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How Nigeria’s BBYDI is helping girls fight period taboos

How Nigeria’s BBYDI is helping girls fight period taboos www.whoownsafrica.com How Nigeria’s BBYDI is helping girls fight period taboos www.whoownsafrica.com
How Nigeria’s BBYDI is helping girls fight period taboos www.whoownsafrica.com

Period taboos and lack of access to proper menstrual hygiene products continue to be major challenges for girls and women in Nigeria.

However, the Brain Builders Youth Development Initiative (BBYDI) is making a significant impact by empowering girls through skills training on reusable pads. By combating period poverty through skills development and providing access to sustainable hygiene solutions, BBYDI is working to break the cycle of menstrual inequality in local communities.

In Nigeria, a country where period taboos and menstrual inequality persist, the BBYDI is making a significant impact by empowering girls to fight against these social barriers.

How Nigeria’s BBYDI is helping girls fight period taboos www.whoownsafrica.com
How Nigeria’s BBYDI is helping girls fight period taboos www.whoownsafrica.com

Through their innovative skills training on reusable pads, BBYDI is addressing the issue of period poverty and breaking the cycle of menstrual inequality in local communities.

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Period poverty is a pervasive problem that affects millions of women and girls worldwide. In Nigeria, the lack of access to safe and hygienic menstrual products is particularly alarming, especially in rural areas where resources are scarce.

According to reports, around 500 million people who menstruate experience period poverty every month, highlighting the urgent need for sustainable solutions.

How Nigeria’s BBYDI is helping girls fight period taboos www.whoownsafrica.com
How Nigeria’s BBYDI is helping girls fight period taboos www.whoownsafrica.com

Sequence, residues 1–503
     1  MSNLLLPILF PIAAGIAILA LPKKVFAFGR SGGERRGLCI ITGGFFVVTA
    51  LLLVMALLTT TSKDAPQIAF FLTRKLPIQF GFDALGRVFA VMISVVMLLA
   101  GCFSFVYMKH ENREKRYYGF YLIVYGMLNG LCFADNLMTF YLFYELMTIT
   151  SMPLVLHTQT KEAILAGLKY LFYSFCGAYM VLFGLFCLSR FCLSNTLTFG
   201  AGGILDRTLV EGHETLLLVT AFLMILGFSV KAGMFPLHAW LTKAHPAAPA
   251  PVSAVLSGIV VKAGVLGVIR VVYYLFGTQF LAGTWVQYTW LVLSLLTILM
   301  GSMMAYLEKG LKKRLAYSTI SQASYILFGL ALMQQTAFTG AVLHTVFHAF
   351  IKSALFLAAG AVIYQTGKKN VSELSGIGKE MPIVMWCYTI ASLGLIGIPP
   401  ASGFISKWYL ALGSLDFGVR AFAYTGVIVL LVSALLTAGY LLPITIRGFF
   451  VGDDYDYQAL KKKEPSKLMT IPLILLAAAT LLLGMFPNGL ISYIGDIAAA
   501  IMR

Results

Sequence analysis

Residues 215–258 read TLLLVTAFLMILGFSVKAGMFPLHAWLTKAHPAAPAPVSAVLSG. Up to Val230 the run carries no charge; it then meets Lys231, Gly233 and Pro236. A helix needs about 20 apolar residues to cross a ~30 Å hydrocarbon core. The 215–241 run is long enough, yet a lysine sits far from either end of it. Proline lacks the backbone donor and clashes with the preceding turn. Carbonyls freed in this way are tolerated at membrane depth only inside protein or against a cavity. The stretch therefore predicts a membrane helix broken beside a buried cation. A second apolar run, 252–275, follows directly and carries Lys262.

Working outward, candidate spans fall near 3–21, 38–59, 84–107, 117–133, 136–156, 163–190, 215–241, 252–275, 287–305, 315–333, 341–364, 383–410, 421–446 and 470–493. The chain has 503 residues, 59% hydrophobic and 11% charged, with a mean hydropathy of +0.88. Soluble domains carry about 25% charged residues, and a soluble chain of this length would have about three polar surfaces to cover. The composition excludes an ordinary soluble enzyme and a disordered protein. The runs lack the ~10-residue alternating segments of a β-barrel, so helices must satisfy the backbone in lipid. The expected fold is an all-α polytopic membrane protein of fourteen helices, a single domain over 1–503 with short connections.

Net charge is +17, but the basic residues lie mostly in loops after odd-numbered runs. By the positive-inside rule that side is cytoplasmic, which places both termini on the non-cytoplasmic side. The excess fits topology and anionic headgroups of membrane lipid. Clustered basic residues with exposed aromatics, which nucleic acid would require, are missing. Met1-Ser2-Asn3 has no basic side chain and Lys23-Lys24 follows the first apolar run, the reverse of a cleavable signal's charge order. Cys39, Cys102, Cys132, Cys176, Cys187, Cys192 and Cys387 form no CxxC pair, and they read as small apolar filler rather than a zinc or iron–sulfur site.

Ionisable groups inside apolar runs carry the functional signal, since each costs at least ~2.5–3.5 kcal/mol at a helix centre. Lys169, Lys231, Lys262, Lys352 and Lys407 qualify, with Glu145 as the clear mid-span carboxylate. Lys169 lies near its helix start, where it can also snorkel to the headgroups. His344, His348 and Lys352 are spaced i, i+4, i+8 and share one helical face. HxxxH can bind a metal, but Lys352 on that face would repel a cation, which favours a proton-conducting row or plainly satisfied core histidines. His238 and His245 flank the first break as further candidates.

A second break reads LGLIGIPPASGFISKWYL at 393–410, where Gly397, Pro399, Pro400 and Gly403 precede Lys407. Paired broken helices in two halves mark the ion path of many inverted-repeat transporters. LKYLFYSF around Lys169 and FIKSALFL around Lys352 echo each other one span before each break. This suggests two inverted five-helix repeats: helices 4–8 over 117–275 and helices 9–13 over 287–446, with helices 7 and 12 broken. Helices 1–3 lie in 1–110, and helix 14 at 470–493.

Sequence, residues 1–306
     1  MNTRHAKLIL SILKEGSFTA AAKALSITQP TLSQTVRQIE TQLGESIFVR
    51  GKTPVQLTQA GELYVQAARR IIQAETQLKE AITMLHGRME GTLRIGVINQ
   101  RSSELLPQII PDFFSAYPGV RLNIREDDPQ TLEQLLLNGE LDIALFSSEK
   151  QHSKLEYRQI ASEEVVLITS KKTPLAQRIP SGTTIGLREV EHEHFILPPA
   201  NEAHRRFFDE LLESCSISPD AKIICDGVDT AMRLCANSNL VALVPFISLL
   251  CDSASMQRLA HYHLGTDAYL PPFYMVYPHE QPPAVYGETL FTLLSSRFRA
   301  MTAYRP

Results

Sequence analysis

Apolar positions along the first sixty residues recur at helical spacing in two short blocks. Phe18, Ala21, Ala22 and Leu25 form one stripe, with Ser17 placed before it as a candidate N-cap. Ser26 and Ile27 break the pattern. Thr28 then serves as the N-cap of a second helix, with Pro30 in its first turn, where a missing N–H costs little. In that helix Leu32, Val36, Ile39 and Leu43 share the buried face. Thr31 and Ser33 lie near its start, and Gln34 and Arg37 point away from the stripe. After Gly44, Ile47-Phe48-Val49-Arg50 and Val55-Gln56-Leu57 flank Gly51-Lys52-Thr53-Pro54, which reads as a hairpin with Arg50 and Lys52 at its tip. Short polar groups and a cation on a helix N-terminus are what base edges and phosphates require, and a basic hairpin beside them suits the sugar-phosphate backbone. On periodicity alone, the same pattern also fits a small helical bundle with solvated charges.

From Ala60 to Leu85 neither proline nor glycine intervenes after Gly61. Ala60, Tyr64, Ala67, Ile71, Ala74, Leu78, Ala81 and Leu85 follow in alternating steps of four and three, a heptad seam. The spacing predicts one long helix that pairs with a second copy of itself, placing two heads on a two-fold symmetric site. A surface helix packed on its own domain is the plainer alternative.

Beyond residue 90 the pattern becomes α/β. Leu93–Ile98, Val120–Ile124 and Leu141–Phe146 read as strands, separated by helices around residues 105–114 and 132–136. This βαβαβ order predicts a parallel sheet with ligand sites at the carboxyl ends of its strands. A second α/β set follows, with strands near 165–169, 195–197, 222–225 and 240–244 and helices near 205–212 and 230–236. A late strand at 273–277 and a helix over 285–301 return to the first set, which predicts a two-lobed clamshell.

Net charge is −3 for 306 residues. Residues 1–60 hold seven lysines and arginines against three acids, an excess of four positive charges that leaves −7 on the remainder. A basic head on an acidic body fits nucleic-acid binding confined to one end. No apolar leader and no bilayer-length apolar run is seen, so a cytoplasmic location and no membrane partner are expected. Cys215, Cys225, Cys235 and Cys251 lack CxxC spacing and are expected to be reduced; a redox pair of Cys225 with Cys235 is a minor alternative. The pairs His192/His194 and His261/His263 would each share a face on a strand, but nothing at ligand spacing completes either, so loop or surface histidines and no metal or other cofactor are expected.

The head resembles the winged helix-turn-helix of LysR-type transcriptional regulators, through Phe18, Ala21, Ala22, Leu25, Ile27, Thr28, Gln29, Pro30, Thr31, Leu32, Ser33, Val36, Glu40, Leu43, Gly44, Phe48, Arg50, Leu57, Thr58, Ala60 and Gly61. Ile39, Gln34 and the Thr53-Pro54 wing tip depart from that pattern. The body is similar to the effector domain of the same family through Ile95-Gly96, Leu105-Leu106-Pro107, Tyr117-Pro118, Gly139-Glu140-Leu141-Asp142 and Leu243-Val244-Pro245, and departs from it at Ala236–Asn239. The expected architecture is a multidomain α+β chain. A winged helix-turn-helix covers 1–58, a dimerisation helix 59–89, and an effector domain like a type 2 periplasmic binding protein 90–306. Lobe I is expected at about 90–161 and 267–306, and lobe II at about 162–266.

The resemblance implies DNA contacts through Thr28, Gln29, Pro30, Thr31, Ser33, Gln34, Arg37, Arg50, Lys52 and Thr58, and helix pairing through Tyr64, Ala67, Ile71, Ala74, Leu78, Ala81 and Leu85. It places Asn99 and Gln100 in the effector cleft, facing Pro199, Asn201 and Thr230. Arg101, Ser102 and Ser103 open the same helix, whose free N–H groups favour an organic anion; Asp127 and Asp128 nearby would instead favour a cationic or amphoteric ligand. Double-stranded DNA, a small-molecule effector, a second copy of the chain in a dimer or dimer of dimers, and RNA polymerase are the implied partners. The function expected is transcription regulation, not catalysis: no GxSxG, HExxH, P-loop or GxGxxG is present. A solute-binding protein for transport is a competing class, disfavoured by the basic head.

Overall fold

The cost of single-use sanitary pads, which can amount to an average of N1,200 per month, is often out of reach for many girls and women in Nigeria. This economic barrier not only jeopardizes their health but also results in missed education opportunities, social stigma, and decreased productivity.

The training program focusing on women and girls in Kwara State is making a significant impact by empowering 400 individuals between the ages of 13 to 45 in 8 different communities.

Through the initiative, women and girls are being educated on creating reusable sanitary pads using hand machines, which they can then sell to other females in neighboring communities. This not only provides a sustainable solution to period poverty but also creates economic opportunities for the women involved.

Specifically, the communities of Elemere, Gaa Alaanu, Asomu, Eyenkorin, and Gerewu have seen positive results from the program, with over 200 individuals being sensitized and 197 women and girls receiving training on making reusable pads.

How Nigeria’s BBYDI is helping girls fight period taboos www.whoownsafrica.com
How Nigeria’s BBYDI is helping girls fight period taboos www.whoownsafrica.com

The evidence of impact is clear in the increased awareness and skills among the beneficiaries, demonstrating the effectiveness and reach of the initiative in addressing period poverty at a grassroots level. Through partnerships and continued support, similar programs could be scaled up to benefit even more communities in Nigeria.

The Padded Girl Project, led by Mrs. Alabi Omolara Olutayo, has been making a significant impact since its inception on November 16th. The project, which ran until February, focused on empowering women and girls in various communities by providing them with hand machines to produce reusable pads.

This not only helped them generate income by reselling the pads, but also addressed the issue of pad poverty. Through interviews with beneficiaries, it became apparent that the training and skill acquisition provided by the project had a positive impact on their lives.

How Nigeria’s BBYDI is helping girls fight period taboos www.whoownsafrica.com
How Nigeria’s BBYDI is helping girls fight period taboos www.whoownsafrica.com

However, the project faced challenges in reaching a wider audience due to the influence of diverse cultures and traditions. In some communities, menstruation is considered taboo and discussing it openly is frowned upon.

This hindered the project from expanding and reaching more individuals in need. Additionally, inadequate funding for materials limited the project’s reach to a specific state.

Despite these limitations, the project team remains committed to making a difference in the lives of women and girls in Nigeria.

In response to this pressing issue, BBYDI, in collaboration with Webfala Digital Skills Initiative and Girls2women Initiatives Network, launched the padded girl projects to provide girls with the necessary skills and materials to manage their periods effectively.

Through these initiatives, girls are taught how to make and use reusable pads, promoting a more sustainable and affordable approach to menstrual hygiene.


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